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You Can't Do That, or How I Managed to Narrow My Favorite Beatles Songs Down to a Top Ten

As a card-carrying music geek, John Borack is well aware of the importance of lists — and folks love to read, debate, dissect and often ridicule these sorts of lists. So get ready to read, debate, dissect and ridicule another one as he proudly presents his personal list of the top 10 songs by the Beatles.

by John M. Borack

As a card-carrying music geek, I am well aware of the importance of lists. Year-end "best ofs," top 10s, lists of all-time favorite Monkees songs (RIP, Davy) – folks love to read, debate, dissect and often ridicule these sorts of lists.

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So get ready to read, debate, dissect and ridicule another one as I proudly present my personal list of the top 10 songs by the Beatles, along with some brief justifications.

First though, let me say that this obviously was a difficult list to narrow down, what with me being an unabashed Beatle freak and all. (I very easily could have compiled a dozen Beatles top 10’s with no appreciable loss of quality.) I’m also aware that I’ve probably neglected to mention your favorite Beatles song, so feel free to kick and scream and tell me I’m full of it. I’m used to that; I’m married.

ANYway….here’s the list:

10. "Nowhere Man" – The pristine vocal harmonies, John Lennon’s passionate lead vocal, the jangly, folk-rock influenced guitar Just…wow.

9. "I’ve Just Seen a Face" – Another folk-rock influenced ditty, this one more acoustic-based and penned primarily by Paul McCartney. He’s covered this peppy little number from 1965 in his solo concerts on and off since ’76, so he must be rather fond of it, too.

8. "Please Please Me" – To me, this is one of the most sonically thrilling examples of the early Beatles sound. It never gets old, does it? It's somewhat difficult to fathom that it was originally conceived as a slower, bluesier number with a nod to the great Roy Orbison.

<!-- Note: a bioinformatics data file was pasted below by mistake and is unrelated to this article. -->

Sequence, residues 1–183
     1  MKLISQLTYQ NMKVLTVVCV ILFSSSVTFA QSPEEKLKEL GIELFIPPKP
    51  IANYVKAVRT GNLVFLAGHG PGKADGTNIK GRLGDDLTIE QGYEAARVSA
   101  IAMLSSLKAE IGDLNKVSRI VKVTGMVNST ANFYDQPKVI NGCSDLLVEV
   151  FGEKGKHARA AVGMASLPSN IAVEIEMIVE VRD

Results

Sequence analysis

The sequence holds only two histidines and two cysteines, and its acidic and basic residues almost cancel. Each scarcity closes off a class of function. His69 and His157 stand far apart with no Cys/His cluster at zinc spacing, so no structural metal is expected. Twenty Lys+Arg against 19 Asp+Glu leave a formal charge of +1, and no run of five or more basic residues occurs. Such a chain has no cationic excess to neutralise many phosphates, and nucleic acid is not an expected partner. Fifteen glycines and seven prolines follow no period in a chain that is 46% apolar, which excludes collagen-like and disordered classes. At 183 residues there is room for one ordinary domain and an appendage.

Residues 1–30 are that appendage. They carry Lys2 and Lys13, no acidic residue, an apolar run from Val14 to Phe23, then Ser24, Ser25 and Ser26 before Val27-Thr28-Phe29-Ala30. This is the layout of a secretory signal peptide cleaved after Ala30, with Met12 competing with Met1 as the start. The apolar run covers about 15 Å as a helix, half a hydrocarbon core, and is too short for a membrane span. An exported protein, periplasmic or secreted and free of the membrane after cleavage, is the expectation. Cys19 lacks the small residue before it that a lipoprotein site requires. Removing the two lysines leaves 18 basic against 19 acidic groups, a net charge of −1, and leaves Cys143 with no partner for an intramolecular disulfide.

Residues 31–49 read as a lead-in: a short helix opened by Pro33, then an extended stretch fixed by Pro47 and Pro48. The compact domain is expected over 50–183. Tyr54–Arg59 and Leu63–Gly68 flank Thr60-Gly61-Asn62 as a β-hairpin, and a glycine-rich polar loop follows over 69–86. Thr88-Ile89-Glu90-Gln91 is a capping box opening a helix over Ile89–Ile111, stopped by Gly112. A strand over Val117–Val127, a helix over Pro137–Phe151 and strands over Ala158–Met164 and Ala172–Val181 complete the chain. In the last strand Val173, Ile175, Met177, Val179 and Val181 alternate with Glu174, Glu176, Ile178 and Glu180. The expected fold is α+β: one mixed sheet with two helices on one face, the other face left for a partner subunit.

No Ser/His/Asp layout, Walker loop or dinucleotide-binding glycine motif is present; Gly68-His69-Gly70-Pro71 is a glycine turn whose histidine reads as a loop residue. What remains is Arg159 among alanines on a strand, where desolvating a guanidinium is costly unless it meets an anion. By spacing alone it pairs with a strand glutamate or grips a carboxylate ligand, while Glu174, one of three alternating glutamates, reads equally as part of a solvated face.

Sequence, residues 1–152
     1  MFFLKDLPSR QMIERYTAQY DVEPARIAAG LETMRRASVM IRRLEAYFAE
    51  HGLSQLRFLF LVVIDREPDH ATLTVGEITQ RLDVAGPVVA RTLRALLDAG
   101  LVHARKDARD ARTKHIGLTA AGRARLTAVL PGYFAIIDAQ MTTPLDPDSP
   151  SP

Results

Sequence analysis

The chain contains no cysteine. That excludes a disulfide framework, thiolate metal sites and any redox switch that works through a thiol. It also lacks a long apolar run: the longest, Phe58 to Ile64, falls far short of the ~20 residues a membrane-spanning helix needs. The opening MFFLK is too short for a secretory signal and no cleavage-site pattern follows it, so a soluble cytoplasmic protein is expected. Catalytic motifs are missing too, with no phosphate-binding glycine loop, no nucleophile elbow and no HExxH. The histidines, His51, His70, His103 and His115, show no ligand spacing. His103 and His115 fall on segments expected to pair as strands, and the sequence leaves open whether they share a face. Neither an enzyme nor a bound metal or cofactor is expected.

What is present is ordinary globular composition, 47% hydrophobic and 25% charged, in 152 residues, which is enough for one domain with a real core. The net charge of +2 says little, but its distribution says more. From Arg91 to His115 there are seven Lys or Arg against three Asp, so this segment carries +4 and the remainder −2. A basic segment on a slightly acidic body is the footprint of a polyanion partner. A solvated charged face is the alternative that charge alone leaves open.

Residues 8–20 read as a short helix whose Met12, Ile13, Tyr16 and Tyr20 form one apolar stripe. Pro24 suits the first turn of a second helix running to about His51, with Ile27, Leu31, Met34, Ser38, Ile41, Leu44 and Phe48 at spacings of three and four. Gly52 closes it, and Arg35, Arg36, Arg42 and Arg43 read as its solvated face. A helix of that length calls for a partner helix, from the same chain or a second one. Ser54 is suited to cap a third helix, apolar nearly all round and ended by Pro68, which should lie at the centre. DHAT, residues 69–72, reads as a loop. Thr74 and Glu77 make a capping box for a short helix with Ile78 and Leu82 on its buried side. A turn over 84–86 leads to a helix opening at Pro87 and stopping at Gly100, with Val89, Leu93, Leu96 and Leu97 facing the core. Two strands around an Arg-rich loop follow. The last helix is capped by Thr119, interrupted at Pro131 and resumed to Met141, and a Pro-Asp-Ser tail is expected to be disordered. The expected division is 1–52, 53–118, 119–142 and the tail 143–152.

7. "Lovely Rita" – Somewhat buried on Sgt. Pepper’s Lonely Hearts Club Band, this Paul composition features a winking lyric ("Got the bill and Rita paid it/took her home, I nearly made it/sitting on the sofa with a sister or two"), typically amazing, melodic bass playing from McCartney and some ace drum fills by Ringo Starr. A nice mixture of psychedelia and straighforward rock.

6. "It Won’t Be Long" – An early Lennon tune that exudes youthful energy and is memorable for the call and response "yeah’s" peppered throughout the song.

5. "Happiness is a Warm Gun" – A Lennon tour-de-force from 1968’s White Album, it’s chock full of his psychedelic, slightly cracked wordplay ("A soap impression of his wife, which he ate and donated to the National Trust" – awesome.) It’s also something of a mini-suite, with three distinct musical passages melding seamlessly.

4. "I’ve Got a Feeling" – A true John/Paul collaboration from the later Beatle years, borne out of what were originally two different bits – Paul’s "I’ve Got a Feeling" and John’s "Everybody Had a Hard Year." More stellar drumming from Mr. Starr on this one.

3. "Hello, Goodbye" – Unfailingly melodic, joyous-sounding and catchy as hell. Ringo shines yet again. Oh, and it’s my daughter’s favorite Beatles song – how could I NOT list it in my top 10?

2. "And Your Bird Can Sing" – Even though Lennon wrote and sang it, he never thought much of it. Me, I love the kinetic energy of the killer lead guitar riff running through the song, as well as Paul’s high harmony vocals.

1. "You Never Give Me Your Money" – For my money, this Abbey Road number provides a four-minute musical snapshot of why the Beatles were the greatest band ever. You’ve got more inventive bass runs, some cool lead guitar courtesy of George Harrison, lovely group vocal harmonies, Ringo going all-out on the tom toms, a bit of classical-style piano from Paul, as well as his lead vocal which runs the gamut from sweet to powerful…whew. A masterpiece, pure and simple.

I'm sure your list is exactly the same as mine, right?